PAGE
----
Donald Clarke: James Bond and ‘Playboy’ turn over a new leaf

Twin relics of an age of bogus sophistication have finally started to move with the times

Danial Craig’s Bond still kills for Britain but the attitude to women has moved on from caveman sociopathy. Photograph: Greg Williams/Eon Productions via Getty Images

Danial Craig’s Bond still kills for Britain but the attitude to women has moved on from caveman sociopathy. Photograph: Greg Williams/Eon Productions via Getty Images

 

More than a few obituaries for the Playboy nude photo shoot have pointed out that, yes, people of both genders once did read that magazine “for the articles”. The publication was cherished for its lengthy interviews with such figures as Martin Luther King, Jean-Paul Sartre, Betty Friedan and Germaine Greer. It was in Playboy that Jimmy Carter admitted that: “I’ve committed adultery in my heart many times.” (Something many married readers were, presumably, set to commit with photographic subjects in the same issue.) Such authors as Kurt Vonnegut, Doris Lessing and Margaret Atwood had fiction published in those pages.

As news emerges that, humbled by the free explicit pornography on the internet, Playboy is to cease printing pictures of naked women, we look back with puzzlement on a now baffling institution. The Sun newspaper, which, earlier this year, taunted liberals by pretending to drop Page 3, surrounded its end-of-the-pier pornography with end-of-the-pier journalism. The blend was seamless. Nothing like Playboy exists in popular culture: French intellectuals musing about post-structuralism alongside photographs of inexplicably naked country girls bending uncomfortably over convenient haystacks.

Recreational misogyny

PlayboyPlayboy

The news arrives less than two weeks before Spectre, the 24th James Bond film, hits cinemas. The ludicrous agent and the smutty magazine have been manacled together since birth. Casino Royale, the first 007 book, emerged in April 1953. Hugh Hefner launched Playboy eight months later. Ian Fleming anoraks will delight in telling you The Hildebrand Rarity, one of only two 007 stories not to have leant its name to a film (the other is Risico),first appeared in an issue of Playboy.

More to our current point, both Fleming’s novels and Hefner’s magazine facilitated aspirations to a bogus sophistication centred on booze, cars, dinner jackets, posh food and recreational misogyny. Too much? Consider this passage from Casino Royale: “And now [Bond] knew that . . . the conquest of her body, because of the central privacy in her, would have the sweet tang of rape.” That stuff about “central privacy” merely counts as bad writing, the “tang of rape” identifies Bond as Her Majesty’s own psychopath.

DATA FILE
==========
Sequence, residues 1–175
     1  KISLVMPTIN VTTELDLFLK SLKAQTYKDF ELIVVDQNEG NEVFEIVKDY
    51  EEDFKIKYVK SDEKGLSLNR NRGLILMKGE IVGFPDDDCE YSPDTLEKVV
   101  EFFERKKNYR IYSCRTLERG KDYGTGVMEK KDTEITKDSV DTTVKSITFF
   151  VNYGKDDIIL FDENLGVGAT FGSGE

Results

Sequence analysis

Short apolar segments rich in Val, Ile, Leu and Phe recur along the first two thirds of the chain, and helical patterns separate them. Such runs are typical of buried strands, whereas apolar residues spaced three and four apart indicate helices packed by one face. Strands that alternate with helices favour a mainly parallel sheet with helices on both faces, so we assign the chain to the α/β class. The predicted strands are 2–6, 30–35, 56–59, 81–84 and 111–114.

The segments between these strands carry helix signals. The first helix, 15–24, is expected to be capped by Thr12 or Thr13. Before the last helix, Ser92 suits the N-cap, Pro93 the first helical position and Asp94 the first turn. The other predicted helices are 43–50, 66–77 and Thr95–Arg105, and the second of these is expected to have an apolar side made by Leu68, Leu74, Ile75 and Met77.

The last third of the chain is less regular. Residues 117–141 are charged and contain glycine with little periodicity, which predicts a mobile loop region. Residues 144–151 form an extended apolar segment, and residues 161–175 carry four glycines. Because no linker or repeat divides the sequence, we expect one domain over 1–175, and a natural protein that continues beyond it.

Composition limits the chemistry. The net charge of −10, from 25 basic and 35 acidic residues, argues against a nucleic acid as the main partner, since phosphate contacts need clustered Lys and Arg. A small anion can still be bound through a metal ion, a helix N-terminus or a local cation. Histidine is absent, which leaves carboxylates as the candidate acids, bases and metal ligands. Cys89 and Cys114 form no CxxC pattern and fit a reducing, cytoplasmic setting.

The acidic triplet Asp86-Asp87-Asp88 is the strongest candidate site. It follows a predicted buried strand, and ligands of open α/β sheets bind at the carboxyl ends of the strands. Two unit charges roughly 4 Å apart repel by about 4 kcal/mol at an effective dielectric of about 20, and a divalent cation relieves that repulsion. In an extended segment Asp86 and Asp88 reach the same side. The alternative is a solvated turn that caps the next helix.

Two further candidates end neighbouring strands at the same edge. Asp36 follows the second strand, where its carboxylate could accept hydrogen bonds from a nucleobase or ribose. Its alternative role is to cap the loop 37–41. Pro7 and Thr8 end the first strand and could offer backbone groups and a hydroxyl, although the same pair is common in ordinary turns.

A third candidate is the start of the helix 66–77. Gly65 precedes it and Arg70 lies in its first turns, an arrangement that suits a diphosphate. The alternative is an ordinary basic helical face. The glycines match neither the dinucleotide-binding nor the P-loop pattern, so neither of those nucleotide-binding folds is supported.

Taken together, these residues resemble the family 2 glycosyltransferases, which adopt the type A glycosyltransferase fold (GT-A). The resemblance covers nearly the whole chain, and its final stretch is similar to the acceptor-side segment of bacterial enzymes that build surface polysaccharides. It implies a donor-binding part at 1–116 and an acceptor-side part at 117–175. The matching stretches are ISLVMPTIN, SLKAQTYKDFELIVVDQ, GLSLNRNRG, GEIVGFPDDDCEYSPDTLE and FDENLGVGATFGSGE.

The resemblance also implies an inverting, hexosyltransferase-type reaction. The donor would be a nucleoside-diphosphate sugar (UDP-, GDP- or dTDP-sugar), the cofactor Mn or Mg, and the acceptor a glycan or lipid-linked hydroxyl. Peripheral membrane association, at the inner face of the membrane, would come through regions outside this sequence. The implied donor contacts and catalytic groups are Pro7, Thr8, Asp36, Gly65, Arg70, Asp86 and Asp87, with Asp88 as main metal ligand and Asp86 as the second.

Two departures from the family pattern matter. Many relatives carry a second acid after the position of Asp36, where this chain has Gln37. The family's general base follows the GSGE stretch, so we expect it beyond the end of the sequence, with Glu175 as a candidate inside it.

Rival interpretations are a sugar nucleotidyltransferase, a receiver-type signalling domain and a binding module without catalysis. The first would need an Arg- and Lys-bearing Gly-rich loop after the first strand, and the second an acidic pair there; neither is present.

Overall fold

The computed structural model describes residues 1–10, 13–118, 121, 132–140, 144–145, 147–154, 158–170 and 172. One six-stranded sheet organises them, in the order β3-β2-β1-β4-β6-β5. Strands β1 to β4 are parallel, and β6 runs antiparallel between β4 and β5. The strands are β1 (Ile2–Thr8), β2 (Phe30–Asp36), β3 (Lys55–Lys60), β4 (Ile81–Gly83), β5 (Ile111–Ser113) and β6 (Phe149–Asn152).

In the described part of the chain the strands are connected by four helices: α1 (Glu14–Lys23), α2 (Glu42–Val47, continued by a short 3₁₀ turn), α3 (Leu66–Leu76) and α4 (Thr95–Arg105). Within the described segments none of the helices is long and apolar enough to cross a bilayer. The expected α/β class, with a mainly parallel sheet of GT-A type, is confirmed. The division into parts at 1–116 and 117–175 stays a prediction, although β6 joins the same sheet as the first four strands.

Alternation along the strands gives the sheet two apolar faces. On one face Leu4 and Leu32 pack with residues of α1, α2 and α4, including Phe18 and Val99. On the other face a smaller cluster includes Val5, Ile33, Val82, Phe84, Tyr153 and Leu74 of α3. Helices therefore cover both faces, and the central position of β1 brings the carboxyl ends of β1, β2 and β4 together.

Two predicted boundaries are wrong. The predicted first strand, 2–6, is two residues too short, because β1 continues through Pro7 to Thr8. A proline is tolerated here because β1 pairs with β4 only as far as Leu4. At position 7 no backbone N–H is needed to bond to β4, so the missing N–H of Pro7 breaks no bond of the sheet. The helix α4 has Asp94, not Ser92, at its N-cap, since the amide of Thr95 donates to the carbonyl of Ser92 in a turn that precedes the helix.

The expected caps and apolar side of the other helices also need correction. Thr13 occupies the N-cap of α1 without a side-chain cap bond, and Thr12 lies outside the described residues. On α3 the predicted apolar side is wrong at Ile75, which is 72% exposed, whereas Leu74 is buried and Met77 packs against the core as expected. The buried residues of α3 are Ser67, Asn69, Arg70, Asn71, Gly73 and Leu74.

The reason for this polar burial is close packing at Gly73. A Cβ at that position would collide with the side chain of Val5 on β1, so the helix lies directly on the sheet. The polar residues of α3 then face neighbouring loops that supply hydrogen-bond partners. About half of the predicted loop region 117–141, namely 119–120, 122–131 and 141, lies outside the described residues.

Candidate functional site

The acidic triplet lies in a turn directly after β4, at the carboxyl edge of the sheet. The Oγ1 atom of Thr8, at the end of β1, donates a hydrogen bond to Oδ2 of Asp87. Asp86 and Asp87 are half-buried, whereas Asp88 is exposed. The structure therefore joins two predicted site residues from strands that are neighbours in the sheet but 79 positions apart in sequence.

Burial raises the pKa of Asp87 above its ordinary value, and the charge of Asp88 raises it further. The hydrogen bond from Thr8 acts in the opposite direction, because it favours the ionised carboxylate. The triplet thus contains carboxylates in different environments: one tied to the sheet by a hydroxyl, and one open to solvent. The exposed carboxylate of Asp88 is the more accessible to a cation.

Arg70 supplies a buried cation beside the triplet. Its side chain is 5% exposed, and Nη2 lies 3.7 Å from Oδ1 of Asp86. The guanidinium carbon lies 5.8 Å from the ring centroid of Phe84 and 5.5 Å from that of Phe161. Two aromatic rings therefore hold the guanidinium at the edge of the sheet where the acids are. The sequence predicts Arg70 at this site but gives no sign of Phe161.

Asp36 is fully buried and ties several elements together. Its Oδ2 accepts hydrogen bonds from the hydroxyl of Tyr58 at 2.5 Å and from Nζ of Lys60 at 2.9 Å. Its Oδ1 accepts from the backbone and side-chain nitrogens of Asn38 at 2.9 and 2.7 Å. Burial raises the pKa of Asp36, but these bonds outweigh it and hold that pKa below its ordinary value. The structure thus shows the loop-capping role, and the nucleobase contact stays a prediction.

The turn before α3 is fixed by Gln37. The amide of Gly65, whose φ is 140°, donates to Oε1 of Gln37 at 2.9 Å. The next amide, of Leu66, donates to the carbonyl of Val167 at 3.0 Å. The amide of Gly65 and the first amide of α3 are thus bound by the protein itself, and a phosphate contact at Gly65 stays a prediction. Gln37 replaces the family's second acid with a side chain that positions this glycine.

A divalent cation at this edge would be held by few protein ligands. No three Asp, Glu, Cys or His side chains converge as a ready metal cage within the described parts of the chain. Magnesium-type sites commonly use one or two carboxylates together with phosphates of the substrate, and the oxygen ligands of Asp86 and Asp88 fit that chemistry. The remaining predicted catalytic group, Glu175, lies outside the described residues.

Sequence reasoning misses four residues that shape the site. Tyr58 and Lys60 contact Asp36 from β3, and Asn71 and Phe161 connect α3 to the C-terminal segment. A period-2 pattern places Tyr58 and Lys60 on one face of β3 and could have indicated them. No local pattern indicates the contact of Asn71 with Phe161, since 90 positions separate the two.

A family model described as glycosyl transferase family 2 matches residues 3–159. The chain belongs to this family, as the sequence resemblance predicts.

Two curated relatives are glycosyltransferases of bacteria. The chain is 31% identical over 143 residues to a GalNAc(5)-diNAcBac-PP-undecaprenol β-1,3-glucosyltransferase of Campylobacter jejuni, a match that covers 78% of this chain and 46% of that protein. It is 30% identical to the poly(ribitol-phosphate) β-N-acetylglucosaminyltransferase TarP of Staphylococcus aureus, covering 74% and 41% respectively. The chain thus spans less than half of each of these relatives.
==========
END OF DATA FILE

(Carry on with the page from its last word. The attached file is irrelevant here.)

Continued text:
Has there ever been a more gruesome manifestation of casual sexism than the enthusiasm for the Playboy Mansion? In the excellent documentary Best of Enemies, Gore Vidal, the waspish left-wing intellectual, appears on Hefner’s Playboy, After Dark TV show. Playboy bunnies – women dressed as sexy rabbits – flit about like so much incidental decoration. Postwar US prosperity and perversions (in several senses) of the sexual revolution have delivered men the opportunity to live out sordid empty-headed fantasies amid hollow displays of tasteless luxury.

Caveman sociopathy

Playboy

Thousands of miles away, a dental supplies rep from Kettering was reading The Man With the Golden Gun and imagining himself virtuoso of violence and a dominator of glamorous, but ultimately compliant, women.

Much of Fleming’s original cultural paraphernalia does remain. In one publicity image for Spectre, Daniel Craig can be seen wearing a dinner jacket. He still kills for Britain. But the attitude to women has moved on from caveman sociopathy. Léa Seydoux’s character in Spectre is called neither Minxie Suck-Todger nor Fruity McBang-Bond. She is a psychologist named Dr Madeleine Swann. M only recently stopped being a woman. Once a love-struck “spinster”, Miss Moneypenny, played by Cantabrigian Naomie Harris, is now as tough as Bond.

That old post-war notion of boozy, sexist male “sophistication” is so wearied that it has qualified for historical pastiche in series such as Mad Men. We are well shot of the slicked-back fantasy sired by Hefner out of Fleming. We’ve grown up a little. We no longer need naughty nurses with our Doris Lessing.

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